The central focus of our laboratory is to develop novel microfluidic technologies that for high-throughput and quantitative biophysics, biochemistry, and single-cell biology.

  • Institutional Training Grant in Genome Science

Matthias Garten

Bioengineering
Assistant Professor
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Bioengineering

Last Updated: August 31, 2023

With a creative, collaborative, biophysical mindset, we aim to understand the ability of parasites to interface with their host-cell to a point at which we can exploit the mechanisms not only for finding cures against the disease the parasites cause but also to make parasite mechanisms a tool that we can use to engineer the host’s cells. By developing approaches that allow a quantitative understanding and manipulation of molecular transport our research transforms parasites from agents of disease to tools for health.

Specifically, we are studying how the malaria parasite takes control over red blood cells. By learning the biophysical principles of transport in between the host and the parasite we can design ways to kill the parasite or exploit it to reengineer red blood cells. The transport we study is broadly encompassing everything from ions to lipids and proteins. We use variations of quantitative microscopy and electrophysiology to gain insight into the unique strategies the parasite evolved to survive.

  • Molecular Basis of Host Parasite Interaction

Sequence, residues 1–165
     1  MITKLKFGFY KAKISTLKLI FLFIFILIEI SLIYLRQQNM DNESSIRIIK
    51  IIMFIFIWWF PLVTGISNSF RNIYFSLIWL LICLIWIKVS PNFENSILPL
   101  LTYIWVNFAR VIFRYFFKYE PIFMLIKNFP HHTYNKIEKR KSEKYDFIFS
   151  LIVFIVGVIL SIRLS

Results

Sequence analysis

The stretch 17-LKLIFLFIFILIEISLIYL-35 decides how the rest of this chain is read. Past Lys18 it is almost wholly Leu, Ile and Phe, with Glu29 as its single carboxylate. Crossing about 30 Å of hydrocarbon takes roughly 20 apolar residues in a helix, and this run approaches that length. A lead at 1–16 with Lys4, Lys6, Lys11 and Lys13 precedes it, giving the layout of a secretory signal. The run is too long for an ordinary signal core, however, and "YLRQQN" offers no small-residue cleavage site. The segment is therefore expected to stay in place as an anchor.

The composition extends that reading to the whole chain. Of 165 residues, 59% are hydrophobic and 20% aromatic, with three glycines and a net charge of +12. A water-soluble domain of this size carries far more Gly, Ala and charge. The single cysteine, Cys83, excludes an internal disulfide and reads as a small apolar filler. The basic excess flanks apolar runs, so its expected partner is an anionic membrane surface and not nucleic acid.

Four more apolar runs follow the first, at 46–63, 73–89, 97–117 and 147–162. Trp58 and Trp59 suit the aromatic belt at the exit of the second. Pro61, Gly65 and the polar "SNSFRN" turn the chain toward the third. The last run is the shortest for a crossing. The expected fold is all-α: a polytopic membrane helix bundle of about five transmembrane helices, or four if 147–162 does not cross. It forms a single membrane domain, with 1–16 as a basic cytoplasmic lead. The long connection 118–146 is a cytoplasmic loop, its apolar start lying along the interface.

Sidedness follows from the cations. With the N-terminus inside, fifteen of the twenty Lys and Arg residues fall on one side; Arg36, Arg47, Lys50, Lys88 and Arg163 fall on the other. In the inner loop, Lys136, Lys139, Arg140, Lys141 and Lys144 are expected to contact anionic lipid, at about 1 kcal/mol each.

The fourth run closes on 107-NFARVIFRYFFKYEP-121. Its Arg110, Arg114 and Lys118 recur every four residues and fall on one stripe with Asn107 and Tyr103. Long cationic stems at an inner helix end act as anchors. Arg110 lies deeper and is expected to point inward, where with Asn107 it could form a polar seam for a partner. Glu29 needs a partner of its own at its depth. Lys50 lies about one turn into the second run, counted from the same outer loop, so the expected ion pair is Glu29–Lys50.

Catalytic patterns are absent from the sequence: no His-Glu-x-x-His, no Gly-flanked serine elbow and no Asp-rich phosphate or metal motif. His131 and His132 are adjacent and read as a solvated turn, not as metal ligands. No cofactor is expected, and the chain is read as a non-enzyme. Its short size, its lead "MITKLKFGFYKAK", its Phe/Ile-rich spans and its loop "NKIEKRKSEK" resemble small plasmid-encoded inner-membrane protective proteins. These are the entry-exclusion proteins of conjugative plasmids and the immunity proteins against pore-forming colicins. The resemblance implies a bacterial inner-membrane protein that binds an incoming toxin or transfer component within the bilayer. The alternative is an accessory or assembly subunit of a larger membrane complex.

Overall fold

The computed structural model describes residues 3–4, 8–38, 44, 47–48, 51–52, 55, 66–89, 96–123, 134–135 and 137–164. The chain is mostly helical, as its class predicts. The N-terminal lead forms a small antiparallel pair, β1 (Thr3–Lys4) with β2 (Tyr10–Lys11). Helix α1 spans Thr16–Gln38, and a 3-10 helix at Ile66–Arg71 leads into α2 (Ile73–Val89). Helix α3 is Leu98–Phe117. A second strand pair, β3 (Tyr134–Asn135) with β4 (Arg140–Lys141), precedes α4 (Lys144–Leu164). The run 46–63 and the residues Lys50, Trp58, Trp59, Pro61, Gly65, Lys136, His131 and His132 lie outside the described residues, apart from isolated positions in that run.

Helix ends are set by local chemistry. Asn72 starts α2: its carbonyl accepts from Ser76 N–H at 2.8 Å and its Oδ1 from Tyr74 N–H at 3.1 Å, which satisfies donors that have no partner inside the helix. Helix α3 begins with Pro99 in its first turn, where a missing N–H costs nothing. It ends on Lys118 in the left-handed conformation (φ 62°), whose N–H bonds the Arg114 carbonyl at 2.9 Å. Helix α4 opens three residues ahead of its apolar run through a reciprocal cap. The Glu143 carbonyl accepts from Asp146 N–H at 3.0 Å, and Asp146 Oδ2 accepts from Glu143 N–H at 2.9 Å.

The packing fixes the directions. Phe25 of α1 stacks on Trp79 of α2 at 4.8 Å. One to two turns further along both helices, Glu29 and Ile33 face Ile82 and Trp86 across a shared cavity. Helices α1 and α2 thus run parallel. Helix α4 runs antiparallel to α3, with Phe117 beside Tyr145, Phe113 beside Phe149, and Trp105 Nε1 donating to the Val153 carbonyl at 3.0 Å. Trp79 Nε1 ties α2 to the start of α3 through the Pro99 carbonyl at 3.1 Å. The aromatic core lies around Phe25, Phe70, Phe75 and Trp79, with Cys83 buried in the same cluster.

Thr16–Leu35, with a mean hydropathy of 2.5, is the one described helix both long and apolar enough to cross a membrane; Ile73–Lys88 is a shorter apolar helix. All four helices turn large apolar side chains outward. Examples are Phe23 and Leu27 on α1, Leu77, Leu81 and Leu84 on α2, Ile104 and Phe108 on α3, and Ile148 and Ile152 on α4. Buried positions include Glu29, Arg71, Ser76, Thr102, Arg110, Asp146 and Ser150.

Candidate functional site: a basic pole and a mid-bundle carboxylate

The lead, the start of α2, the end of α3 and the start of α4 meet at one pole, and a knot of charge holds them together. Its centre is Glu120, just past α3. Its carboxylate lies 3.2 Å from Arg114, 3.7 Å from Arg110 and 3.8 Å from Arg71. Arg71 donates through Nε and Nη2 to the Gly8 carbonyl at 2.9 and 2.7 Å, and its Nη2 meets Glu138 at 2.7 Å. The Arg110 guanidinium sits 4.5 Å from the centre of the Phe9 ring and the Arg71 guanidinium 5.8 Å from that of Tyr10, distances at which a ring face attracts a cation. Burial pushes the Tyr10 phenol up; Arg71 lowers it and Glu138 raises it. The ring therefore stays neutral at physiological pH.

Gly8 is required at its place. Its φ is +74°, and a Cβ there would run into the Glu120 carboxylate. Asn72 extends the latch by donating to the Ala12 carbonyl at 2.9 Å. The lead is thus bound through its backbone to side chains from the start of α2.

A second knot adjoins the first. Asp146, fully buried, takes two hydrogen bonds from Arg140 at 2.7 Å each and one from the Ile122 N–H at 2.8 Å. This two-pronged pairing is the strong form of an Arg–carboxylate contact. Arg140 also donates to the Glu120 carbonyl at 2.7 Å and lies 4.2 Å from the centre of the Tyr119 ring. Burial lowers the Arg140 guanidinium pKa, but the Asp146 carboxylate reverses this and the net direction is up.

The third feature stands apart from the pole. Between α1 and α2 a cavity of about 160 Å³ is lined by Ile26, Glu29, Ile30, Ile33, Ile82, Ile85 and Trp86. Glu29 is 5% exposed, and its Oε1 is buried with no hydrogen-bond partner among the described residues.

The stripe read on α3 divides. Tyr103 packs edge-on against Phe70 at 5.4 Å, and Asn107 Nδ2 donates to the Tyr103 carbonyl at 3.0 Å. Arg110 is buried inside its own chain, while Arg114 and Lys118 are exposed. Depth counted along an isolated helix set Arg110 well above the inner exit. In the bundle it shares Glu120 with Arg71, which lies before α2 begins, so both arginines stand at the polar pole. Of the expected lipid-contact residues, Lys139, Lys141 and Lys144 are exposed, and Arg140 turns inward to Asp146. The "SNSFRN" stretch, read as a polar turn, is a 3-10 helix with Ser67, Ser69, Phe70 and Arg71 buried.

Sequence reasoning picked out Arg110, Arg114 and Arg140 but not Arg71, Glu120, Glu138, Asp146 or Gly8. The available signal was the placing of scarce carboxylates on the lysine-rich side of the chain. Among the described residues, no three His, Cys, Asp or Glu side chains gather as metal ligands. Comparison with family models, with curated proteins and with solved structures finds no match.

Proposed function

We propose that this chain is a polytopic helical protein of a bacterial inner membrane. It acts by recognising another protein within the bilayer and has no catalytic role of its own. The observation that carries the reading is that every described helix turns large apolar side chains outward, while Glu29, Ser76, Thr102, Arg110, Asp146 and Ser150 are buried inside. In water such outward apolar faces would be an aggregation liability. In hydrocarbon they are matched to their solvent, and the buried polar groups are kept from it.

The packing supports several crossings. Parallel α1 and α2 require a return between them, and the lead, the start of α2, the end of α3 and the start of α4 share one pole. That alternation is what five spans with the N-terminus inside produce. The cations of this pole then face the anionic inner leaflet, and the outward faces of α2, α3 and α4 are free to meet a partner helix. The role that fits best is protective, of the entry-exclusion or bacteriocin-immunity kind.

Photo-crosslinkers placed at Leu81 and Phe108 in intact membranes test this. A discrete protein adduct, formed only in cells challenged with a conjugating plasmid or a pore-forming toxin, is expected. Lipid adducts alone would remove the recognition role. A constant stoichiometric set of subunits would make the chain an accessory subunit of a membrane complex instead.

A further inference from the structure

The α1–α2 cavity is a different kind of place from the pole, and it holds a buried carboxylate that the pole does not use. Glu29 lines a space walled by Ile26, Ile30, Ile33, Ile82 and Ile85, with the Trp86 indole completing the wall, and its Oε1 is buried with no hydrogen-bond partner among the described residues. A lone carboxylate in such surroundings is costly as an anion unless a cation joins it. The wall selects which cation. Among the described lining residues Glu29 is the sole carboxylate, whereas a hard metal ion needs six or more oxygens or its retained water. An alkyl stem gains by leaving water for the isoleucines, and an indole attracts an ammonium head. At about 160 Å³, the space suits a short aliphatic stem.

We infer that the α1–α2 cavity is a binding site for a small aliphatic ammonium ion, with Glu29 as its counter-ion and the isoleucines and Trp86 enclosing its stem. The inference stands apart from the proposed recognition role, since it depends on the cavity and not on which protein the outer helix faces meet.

Sarah Heilshorn

Bioengineering
Professor, Director, Geballe Laboratory for Advanced Materials (GLAM)
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Bioengineering

Last Updated: December 01, 2021

Heilshorn's interests include biomaterials in regenerative medicine, engineered proteins with novel assembly properties, microfluidics and photolithography of proteins, and synthesis of materials to influence stem cell differentiation. Current projects include tissue engineering for spinal cord and blood vessel regeneration, designing injectable materials for use in stem cell therapies, and the design of biomaterials for culture of patient-derived biopsies and organoids. Postdoctoral candidates with expertise (or an interest in learning) preclinical animal models of injury and disease are particularly encouraged.

Department URL:
https://mse.stanford.edu

  • Mechanisms in Innovation in Vascular Disease

Rogelio Hernandez-Lopez

Bioengineering
Assistant Professor
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Bioengineering

Last Updated: July 08, 2022

The Hernandez-Lopez Lab works at the interface of mechanistic, synthetic, and systems biology to understand and program cellular recognition, communication, and organization. We are currently interested in engineering biomedical relevant cellular behaviors for cancer immunotherapy. We are also launching new multidisciplinary projects.

We are looking for outstanding, motivated graduate students and physician-scientists from diverse fields who are interested in joining our interdisciplinary research program. Postdoctoral candidates with expertise (or an interest in learning) preclinical animal models of disease or structural biology (cryo-EM) are particularly encouraged.

  • Institutional Training Grant in Genome Science

Michael Jewett

Bioengineering
Professor
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Bioengineering

Last Updated: January 23, 2024